Hear fabulous old songs from the mountains and the Piedmont when the Happy Valley Pals take the stage on Sunday, Dec. 9, at 3 p.m. at the N.C. Museum of History in Raleigh. During the free performance, Gail Gillespie, Dwight Rogers, and Wayne and Margaret Martin will focus on the mountain holiday tradition “Breaking Up Christmas” and the dance tune by the same name. The catchy tune was frequently played in the Round Peak section of Surry County and in Virginia.
The Happy Valley Pals share deep family and musical roots in North Carolina, Tennessee and Georgia. The band’s bluesy fiddling, pulsating guitar, growling bowed bass, and lively fingerpicked banjo reflect the group’s shared sense of time and place. The Martins, Gillespie and Rogers have played southern string-band music for decades. They all learned fiddle, banjo and guitar tunes directly from elder musicians, as well from wonderful 78 rpm recordings from the 1920s and 1930s.
The Dec. 9 performance, part of the museum’s Music of the Carolinas series, is presented with PineCone, with support from the N.C. Museum of History Associates, Williams Mullen and WLHC-FM/WLQC-FM.
Bring Canned Food: Make Someone Happy
Spread holiday cheer by bringing at least two canned-food items to the Happy Valley Pals performance. The N.C. Museum of History and PineCone are holding a food drive to benefit the Food Bank of Central and Eastern North Carolina. Child-friendly items such as pop-top cans, cereal bars, fruit cups, and juice boxes are particularly needed. You can also refer to the Food Bank’s list of most-needed items. Holiday food drives are a very important part of the Food Bank’s year-end efforts, and your help is greatly appreciated!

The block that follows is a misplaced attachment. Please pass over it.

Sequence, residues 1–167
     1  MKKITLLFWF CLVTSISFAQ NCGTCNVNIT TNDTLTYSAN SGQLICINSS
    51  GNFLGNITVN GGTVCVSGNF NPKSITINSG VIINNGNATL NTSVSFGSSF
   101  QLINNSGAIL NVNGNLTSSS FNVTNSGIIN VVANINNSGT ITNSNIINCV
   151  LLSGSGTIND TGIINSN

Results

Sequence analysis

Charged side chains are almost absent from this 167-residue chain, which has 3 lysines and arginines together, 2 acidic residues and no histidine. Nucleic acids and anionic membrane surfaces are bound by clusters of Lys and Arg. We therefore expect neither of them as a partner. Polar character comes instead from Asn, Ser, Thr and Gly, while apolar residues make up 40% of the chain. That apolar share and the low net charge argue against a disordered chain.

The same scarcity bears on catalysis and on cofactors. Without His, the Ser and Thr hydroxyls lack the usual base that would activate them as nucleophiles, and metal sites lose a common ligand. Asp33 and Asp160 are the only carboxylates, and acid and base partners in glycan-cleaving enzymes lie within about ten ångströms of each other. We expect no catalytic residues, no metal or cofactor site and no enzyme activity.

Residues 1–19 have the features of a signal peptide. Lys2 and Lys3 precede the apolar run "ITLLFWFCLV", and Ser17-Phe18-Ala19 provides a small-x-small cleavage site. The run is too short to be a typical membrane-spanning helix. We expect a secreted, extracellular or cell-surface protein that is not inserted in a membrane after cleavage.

More than 545,000 people in central and eastern North Carolina are at risk of hunger, and of these, approximately one-third are children. When school is out, students who usually receive free or reduced-price lunch at school cannot always be assured a meal each day.
The Food Bank is a nonprofit organization that provides food for people at risk of hunger in 34 counties in central and eastern North Carolina. The Food Bank distributed more than 44 million pounds of food and nonfood essentials last year.
For more information about the N.C. Museum of History, call (919) 807-7900, access the museum’s website or connect with the museum on Facebook and Twitter. The N.C. Museum of History is a unit of N.C. Department of Cultural Resources. For more information on North Carolina arts, history and culture, visit Cultural Resources online.